An unrelenting series of winter storms and an outbreak of cold air have killed multiple people across several states since Friday. Now, another round of extreme cold and snow will march across the central and eastern US, setting up more hazardous travel and a brutally cold weekend. Here’s the latest:
• More than three dozen storm-related deaths: At least 40 people have died across nine states since January 12. Fatalities have been reported in Arkansas, Illinois, Kansas, Mississippi, New York, Oregon, Pennsylvania, Tennessee and Wisconsin. In Tennessee, where the highest number of weather-related deaths was reported so far, a box truck driver was killed Monday evening when he lost control of the vehicle on a snowy Knoxville highway and careened into a tractor-trailer, police said. Fourteen people were killed across Tenessee due to the severe weather, the state’s emergency management agency said Wednesday, citing the state department of health. Five people died in Pennsylvania when their minivan lost control on a snow-covered I-81, the coroner’s office in Lackawanna County said.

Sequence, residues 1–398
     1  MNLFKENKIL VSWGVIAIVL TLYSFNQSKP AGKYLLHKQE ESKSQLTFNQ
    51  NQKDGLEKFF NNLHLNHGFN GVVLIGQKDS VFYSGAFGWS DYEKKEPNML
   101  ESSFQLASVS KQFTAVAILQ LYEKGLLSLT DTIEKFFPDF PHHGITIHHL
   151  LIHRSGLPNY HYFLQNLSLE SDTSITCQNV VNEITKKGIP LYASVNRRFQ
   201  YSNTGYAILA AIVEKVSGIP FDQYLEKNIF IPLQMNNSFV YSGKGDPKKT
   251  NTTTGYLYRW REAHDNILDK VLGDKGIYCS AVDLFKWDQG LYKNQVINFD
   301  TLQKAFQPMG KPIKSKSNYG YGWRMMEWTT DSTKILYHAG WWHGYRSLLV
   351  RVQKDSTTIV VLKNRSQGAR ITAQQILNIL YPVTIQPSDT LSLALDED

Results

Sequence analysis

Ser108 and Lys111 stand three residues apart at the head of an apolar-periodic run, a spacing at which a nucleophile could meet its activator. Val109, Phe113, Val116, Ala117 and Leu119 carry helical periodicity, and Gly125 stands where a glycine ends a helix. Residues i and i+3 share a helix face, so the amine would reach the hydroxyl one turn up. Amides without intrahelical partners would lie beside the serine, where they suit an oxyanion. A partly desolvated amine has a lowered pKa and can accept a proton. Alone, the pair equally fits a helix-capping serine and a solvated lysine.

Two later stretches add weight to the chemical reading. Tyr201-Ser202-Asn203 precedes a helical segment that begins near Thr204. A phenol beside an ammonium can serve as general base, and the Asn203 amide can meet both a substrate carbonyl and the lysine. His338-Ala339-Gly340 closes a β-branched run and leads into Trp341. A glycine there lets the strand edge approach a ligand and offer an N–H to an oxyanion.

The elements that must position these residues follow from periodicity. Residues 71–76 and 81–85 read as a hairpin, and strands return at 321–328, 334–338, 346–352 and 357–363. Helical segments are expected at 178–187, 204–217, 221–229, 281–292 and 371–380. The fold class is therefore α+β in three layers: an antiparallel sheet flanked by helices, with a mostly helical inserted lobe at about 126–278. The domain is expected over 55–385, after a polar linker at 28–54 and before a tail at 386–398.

• Another round of snow and cold coming: More accumulating snow is likely from the Midwest to the East on Friday. Light totals could once again blanket Washington, DC, and New York City soon after their nearly two-year wait for an inch of snow ended early this week. In the South, winter weather alerts are also in effect across Nashville, Lexington and Charleston, West Virginia, on Thursday. Read on for a more detailed forecast.
• Ice knocks out power, creates treacherous travel in Northwest: Freezing rain and wind pelting the Pacific Northwest knocked out power to more than 85,000 homes and businesses in Oregon Wednesday morning amid frigid temperatures. By Wednesday evening, power outages in Oregon had dropped below 50,000. Icy roadways and downed trees and power lines created dangerous travel conditions that triggered road closures Tuesday night and Wednesday. A nearly 50 mile-stretch of I-84 from west of Portland to the eastern side of the Oregon Cascades was shut down Tuesday night due to the ice threat, according to the state’s department of transportation. That portion remained closed Wednesday evening due to unsafe conditions, and it’s unclear when it will reopen, the Multnomah County Sheriff’s Office said.